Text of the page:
Seagate and Motorola have invested in the portable storage market, hoping to meet a rising need by users of cell phones and smartphones to carry gigabytes of digital photos and music in their pockets.
Seagate unveiled a wireless 10G-byte to 20G-byte storage device, intended to fit in users' pockets and allow them to store and share digital files between mobile phones, PCs and other mobile platforms. This Digital Audio Video Experience (DAVE) uses a one-inch hard drive to trade files with other platforms up to 30 feet (9.1 meters) away using Bluetooth or Wi-Fi networking.
The company will begin selling DAVE to telecommunications providers and mobile phone makers in the second quarter of 2007, to be resold under their own brands.
Electronics manufacturers will use DAVE to boost storage capacity without increasing the size or cost of retail cell phones, and content providers will use it to deliver video files without latency or coverage problems, since the files can be downloaded to the hardware at leisure instead of streamed live through mobile networks, Seagate said in its announcement at the Demo 07 trade show.
Together, those applications will allow DAVE to add fuel to the growth of new wireless music and video services, according to a statement by Patrick King, general manager of Seagate's consumer electronics business unit.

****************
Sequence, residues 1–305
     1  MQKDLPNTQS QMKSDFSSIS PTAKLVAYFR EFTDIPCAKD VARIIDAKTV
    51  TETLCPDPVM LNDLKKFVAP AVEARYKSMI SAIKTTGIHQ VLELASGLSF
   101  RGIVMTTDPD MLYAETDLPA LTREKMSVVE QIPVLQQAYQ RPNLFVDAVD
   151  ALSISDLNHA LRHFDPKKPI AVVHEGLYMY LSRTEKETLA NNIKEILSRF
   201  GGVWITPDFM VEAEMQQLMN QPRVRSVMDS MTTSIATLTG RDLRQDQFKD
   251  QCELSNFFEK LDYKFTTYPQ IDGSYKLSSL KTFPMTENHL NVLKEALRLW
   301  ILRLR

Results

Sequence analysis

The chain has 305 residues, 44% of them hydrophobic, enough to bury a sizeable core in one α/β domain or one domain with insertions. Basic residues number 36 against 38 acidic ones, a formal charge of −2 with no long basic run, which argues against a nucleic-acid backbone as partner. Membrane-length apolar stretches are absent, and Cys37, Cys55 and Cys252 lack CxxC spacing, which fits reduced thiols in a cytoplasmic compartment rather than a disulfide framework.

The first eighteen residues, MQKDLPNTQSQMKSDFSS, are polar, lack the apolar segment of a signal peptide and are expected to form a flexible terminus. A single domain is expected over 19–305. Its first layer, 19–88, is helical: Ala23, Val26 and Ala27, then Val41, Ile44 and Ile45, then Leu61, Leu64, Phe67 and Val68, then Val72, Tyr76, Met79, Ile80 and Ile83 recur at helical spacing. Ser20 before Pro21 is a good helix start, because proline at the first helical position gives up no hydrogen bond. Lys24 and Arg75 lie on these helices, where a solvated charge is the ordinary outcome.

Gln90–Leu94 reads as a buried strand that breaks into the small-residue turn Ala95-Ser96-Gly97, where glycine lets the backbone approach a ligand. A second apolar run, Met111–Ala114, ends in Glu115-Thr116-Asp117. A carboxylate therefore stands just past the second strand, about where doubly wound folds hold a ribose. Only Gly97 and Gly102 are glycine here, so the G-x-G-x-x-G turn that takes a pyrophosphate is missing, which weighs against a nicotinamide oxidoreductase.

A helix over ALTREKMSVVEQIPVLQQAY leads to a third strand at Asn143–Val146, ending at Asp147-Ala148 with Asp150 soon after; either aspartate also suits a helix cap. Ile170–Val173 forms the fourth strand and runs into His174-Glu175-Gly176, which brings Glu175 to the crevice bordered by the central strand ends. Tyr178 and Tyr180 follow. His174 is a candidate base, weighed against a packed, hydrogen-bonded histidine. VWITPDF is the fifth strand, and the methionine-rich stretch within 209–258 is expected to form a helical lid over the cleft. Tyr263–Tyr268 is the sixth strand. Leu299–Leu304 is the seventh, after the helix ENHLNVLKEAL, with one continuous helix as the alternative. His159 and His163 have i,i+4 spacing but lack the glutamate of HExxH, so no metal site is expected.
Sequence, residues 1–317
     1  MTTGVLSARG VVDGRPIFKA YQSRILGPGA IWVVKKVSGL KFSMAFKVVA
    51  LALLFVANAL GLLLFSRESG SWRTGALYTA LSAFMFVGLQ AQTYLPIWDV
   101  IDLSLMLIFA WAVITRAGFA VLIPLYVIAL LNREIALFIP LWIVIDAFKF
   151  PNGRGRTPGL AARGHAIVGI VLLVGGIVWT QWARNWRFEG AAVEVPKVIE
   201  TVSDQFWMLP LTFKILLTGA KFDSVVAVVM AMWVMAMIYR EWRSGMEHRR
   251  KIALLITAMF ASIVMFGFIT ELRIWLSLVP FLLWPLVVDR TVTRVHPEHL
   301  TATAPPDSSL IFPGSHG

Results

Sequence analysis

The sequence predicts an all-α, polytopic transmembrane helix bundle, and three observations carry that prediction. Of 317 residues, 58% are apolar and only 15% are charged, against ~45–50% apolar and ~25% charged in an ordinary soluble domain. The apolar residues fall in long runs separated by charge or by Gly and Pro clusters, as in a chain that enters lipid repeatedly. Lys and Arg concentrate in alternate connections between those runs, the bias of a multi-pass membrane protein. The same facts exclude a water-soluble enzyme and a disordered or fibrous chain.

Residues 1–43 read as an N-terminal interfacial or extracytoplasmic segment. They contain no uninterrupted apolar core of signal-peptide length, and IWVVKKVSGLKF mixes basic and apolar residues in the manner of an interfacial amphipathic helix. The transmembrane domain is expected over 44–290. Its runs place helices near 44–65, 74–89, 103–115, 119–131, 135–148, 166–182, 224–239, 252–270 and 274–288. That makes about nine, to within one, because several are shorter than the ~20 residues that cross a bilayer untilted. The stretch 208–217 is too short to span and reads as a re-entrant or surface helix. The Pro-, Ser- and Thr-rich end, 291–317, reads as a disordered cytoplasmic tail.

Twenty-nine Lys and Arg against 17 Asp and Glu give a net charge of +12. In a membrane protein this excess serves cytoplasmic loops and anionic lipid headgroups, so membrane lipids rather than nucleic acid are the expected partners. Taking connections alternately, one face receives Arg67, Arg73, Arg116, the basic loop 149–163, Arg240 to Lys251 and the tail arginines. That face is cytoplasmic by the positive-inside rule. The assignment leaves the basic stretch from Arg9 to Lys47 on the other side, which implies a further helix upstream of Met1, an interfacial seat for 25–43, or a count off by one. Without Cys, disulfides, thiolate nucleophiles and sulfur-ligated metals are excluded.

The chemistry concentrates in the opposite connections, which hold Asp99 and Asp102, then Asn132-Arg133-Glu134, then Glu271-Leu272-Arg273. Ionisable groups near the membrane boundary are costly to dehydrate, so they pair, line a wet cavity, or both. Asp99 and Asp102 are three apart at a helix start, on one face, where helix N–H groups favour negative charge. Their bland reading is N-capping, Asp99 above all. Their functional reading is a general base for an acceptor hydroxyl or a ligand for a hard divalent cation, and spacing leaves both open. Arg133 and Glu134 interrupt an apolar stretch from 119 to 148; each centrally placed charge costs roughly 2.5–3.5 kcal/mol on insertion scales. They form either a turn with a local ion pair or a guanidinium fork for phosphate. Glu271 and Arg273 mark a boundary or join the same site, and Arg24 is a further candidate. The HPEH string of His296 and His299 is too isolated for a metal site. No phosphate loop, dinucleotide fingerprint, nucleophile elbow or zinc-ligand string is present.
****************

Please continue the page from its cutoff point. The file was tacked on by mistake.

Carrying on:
Likewise, Motorola announced that its venture capital arm had invested in DARTdevices, a software firm whose application is designed to allow consumer electronics devices to share content wirelessly. Users can share applications or music, photo and data files by installing DARTdevices' software on their mobile phones, PCs, PDAs (personal digital assistants), MP3 music players and other platforms.
Making those disparate devices interoperable will make mobile computing more seamless, said Tony Palcheck, an investment manager for Motorola Ventures.
The timing is right for mobile devices manufacturers to seek new ways of boosting storage, since wireless handsets are becoming portable entertainment hubs, according to the Consumer Electronics Association's 2007 Sales Forecast.
Wireless carriers now court new customers by offering complete media content services, including audio, video, news and games, the report said. That trend is pushing fast change in the storage industry, with flash media growing at double-digit growth through 2010, and consumers pushing a transition from CD to DVD media, standard DVD to high-resolution discs, and sinking demand for tape-based media.